Technology doesn’t sell itself
Digital water technologies are here to stay and will only increase in adoption. The digital transformation of the water sector was taking off before the pandemic, yet this unprecedented event has been a trend accelerator.
However, now more than ever, it is too easy to fall in love with innovations and believe that the technology will “sell itself”.
As full disclosure, personally I am very bullish on digital water technologies. I have a tendency to fall in love with technologies first and then double back and ask the important questions regarding the business model, team and strategy. While improving, this remains a work in progress!
The major challenge the utility and industrial sectors face when adopting new technologies is centred on the ability of the workforce to capture the full value of digital technology. To accept moving past the status quo, it requires a culture of the enterprise.
People and processes; not technology
Adopting digital technologies requires a clear alignment with business strategy, leadership commitment and ensuring the workforce has the capabilities, training and agility needed.
There are multiple examples where digital technologies were not adopted or failed to deliver their full value to the customer for the reasons cited above.
One of the best sources of research and insights on digital transformation is The Technology Fallacy. I often cite this book as a must-read to understand how utilities and the private sector can embrace digital transformation.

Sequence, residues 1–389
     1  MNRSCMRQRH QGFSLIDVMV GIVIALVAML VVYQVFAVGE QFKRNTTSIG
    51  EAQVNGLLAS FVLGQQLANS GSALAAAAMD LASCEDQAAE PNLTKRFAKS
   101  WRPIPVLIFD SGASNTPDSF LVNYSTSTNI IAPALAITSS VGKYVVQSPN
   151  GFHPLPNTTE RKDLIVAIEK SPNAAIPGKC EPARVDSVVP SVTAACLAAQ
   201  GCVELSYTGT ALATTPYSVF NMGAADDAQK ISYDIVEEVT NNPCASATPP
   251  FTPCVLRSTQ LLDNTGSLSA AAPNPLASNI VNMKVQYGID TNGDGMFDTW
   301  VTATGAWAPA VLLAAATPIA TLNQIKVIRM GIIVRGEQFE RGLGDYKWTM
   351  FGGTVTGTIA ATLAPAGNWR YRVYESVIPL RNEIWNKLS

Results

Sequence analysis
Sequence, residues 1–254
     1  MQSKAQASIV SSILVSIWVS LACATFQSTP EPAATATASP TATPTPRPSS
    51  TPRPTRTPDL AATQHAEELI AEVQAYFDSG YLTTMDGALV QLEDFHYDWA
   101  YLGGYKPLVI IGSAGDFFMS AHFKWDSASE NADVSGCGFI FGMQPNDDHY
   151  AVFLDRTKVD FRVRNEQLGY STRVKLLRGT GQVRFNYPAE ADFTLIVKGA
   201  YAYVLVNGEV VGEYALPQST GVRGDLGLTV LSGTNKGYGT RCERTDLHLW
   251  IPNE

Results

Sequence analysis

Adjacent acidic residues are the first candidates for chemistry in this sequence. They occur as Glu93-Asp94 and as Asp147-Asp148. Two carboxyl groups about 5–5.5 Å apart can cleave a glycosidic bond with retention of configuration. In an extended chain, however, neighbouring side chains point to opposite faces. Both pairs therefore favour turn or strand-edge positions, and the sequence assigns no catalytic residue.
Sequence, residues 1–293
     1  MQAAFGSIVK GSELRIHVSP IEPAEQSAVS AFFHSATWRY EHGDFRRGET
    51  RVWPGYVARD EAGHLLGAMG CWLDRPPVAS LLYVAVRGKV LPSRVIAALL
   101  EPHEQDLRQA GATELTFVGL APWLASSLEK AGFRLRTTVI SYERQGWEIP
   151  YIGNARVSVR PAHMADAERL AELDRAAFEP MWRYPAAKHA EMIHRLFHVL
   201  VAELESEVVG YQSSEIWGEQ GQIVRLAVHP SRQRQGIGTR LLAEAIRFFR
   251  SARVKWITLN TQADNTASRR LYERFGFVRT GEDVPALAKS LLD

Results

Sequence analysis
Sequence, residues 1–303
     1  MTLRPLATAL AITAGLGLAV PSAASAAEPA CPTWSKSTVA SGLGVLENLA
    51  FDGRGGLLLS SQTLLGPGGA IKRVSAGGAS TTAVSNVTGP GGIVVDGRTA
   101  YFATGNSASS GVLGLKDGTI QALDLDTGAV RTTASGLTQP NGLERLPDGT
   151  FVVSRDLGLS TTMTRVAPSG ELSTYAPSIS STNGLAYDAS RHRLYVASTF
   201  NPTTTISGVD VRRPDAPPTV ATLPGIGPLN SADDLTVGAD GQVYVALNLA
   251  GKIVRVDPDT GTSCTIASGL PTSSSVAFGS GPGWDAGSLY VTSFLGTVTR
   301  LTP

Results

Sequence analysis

“Organisations need to understand their digital DNA to stop doing digital and start being digital.”
The book lays out why an organisation's response to digital disruption should focus on people and processes and not necessarily on technology.
Based on my experience, the most important conclusions from the research include:
Digital disruption is primarily about people, and that effective digital transformation involves changes to organisational dynamics and how work gets done
Every organisation needs to understand its “digital DNA” in order to stop “doing digital” and start “being digital.”
Building absorptive capacity
Other key takeaways from digitally mature organisations are provided below, based on my interview with book co-author, friend and former Deloitte colleague, Jonathan Copulsky.
- Absorptive capabilities (the ability to identify new innovations).
- The ability of an organisation to absorb new technologies: building absorptive capacity and improve the velocity of internal information flows.
- The knowing-doing gap: the need to get better about knowing what's out there and doing something about it.
- Affordances (how to determine the value of technology in terms of how it is put to use).
- Sometimes we have technologies that we don't quite know how to handle
- Organisations need to experiment (pilot) with technologies to find out what value they can get out of technology.
- Digital agility
- Organisations need to be good at testing, learning and scaling fast
- Develop business cases after doing the test on a small enough scale, so the price isn't inhibiting to repeat the experience
- Organisations that are digitally mature not only test more, but they scale better.
- Talent magnets
- Digitally mature organisations hire people that have the appetite for learning and give them the opportunity to learn.
- Successful and digitally mature organisations attract and retain talent.